[OPE-L:1519] Re: Re: Lapides and Marx's wage theory

Jurriaan Bendien (djjb99@worldonline.nl)
Thu, 21 Oct 1999 19:34:12 +0100

Jerry wrote:

 Who can imagine
>that a critique of political economy and an attempt to lay bare the law of
>motion of capitalism by Marx would not incorporate a *decisive* role for
>class struggle? Yet, to the extent that class struggle is discussed in
>_Capital_, it is discussed in a one-sided manner. While there are some
>tales of workers' struggles in _Capital_, they are examples of what might
>be called "picture-thinking" or "imaginative representation"
>[Vorstellung], imo, rather than an integral part of the theoretical

I think in Capital Marx does assign a central role to class conflict in the
development of capitalism, inasmuch as he identifies the extraction of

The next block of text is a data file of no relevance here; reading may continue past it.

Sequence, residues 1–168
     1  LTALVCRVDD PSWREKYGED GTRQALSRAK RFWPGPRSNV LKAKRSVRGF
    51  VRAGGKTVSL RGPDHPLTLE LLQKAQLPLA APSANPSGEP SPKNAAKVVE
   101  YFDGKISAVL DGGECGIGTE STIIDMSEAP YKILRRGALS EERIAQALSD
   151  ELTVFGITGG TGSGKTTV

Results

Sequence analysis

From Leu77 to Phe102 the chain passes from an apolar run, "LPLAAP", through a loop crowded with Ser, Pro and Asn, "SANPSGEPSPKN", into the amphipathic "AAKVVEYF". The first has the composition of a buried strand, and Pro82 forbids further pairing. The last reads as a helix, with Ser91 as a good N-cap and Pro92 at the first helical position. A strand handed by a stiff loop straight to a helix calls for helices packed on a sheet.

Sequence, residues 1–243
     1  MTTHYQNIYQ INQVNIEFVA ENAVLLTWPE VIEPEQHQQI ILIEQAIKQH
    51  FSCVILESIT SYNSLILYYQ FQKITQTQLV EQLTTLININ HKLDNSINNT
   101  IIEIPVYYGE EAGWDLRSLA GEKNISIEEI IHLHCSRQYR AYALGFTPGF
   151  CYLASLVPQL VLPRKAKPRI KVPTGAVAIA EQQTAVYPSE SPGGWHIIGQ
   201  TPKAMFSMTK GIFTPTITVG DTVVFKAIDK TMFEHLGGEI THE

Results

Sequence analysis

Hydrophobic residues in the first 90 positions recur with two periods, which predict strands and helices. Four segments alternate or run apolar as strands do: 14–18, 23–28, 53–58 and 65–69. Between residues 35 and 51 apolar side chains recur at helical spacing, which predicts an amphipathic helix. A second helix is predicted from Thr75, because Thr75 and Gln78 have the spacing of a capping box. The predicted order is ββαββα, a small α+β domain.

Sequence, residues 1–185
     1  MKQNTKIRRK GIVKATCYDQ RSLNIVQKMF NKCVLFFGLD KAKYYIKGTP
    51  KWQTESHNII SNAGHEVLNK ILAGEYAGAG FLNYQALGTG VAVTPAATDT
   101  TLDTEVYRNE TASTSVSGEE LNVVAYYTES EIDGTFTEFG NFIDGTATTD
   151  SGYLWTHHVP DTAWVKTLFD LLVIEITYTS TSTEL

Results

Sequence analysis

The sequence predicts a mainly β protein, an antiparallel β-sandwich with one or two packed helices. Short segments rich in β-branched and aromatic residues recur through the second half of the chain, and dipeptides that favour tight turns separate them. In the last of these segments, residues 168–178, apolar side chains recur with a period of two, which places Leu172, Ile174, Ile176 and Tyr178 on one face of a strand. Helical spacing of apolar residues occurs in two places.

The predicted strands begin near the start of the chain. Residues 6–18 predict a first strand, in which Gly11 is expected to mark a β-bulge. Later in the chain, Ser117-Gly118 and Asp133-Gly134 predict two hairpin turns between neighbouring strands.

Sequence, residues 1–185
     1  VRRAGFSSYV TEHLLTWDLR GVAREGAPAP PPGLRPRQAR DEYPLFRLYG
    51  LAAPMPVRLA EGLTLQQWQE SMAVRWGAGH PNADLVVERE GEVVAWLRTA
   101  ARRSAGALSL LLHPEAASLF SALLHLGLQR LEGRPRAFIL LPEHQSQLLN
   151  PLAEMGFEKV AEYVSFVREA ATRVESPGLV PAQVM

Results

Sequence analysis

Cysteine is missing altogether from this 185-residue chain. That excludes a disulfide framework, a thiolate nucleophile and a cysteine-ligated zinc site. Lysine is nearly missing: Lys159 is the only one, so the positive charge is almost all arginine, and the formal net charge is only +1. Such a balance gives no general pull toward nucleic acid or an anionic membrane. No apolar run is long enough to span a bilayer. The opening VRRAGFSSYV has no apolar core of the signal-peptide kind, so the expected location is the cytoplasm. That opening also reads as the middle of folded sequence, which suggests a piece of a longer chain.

surplus labour as the very basis of the system. But his primary objective
is not to theorise the variegated modalities/forms of class struggles
themselves. These are only illustrative material. Few "laws" can be
specified in that area, beyond specifying objective conditions which
improve or obstruct the capacity of workers to struggle (it is otherwise a
matter of subjectivities and organisation). Rather his aim was to explain
what the class struggles are essentially (ultimately) about, and the
parameters within which they occur. For theories of class struggle, you
would have to refer to later Marxist authors.

In solidarity


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